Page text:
Walter Savage Landor
Alciphron and Leucippe
An ancient chestnut’s blossoms threw
Their heavy odour over two:
Leucippe, it is said, was one;
The other, then, was Alciphron.
‘Come, come! why should we stand beneath?’
This hollow tree’s unwholesome breath?’
Said Alciphron, ‘here’s not a blade
Of grass or moss, and scanty shade.
Come; it is just the hour to rove
In the lone dingle shepherds love;
There, straight and tall, the hazel twig
Divides the crookàed rock-held fig,
O’er the blue pebbles where the rill
In winter runs and may run still.
Come then, while fresh and calm the air,
And while the shepherds are not there.’
Leucippe. But I would rather go when they
Sit round about and sing and play.
Then why so hurry me? for you
Like play and song, and shepherds too.
Alciphron. I like the shepherds very well,
And song and play, as you can tell.
But there is play, I sadly fear,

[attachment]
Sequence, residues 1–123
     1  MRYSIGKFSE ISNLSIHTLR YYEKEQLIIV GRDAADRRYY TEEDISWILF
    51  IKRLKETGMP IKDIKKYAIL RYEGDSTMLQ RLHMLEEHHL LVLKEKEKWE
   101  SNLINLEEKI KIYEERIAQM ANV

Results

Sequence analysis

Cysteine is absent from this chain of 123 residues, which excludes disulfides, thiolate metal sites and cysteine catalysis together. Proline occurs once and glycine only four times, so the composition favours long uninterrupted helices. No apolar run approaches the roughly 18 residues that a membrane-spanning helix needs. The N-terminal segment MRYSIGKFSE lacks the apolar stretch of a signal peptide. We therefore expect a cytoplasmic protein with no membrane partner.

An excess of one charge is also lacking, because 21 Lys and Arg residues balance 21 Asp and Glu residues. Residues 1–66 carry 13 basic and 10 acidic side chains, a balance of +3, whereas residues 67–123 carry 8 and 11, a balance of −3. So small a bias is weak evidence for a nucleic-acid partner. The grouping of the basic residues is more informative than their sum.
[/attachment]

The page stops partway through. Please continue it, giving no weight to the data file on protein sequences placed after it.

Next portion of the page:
And song I would not have you hear.
Leucippe. What can it be? What can it be?
Alciphron. To you may none of them repeat
The play that you have play’d with me,
The song that made your bosom beat.
Leucippe. Don’t keep your arm about my waist.
Alciphron. Might you not stumble?
Leucippe. Well then, do.
But why are we in all this haste?
Alciphron. To sing.
Leucippe. Alas! and not play too?
Read this poem in other languages
This poem has not been translated into any other language yet.
Comments about this poem (Alciphron and Leucippe by Walter Savage Landor )
(March 26, 1874 – January 29, 1963)
(12 July 1904 – 23 September 1973)
(1563 - 1631)
(7 May 1892 – 20 April 1982)
(13 September 1916 – 23 November 1990)
(4 April 1928 - 28 May 2014)
Edgar Allan Poe
(19 January 1809 - 7 October 1849)
(24 January 1572 - 31 March 1631)
- The Road Not Taken, Robert Frost
- Still I Rise, Maya Angelou
- Do Not Go Gentle Into That Good Night, Dylan Thomas
- Television, Roald Dahl
- Christmas Trees, Robert Frost
- Invictus, William Ernest Henley
- I Know Why The Caged Bird Sings, Maya Angelou
- If You Forget Me, Pablo Neruda
- The Gift, Li-Young Lee
- Fire and Ice, Robert Frost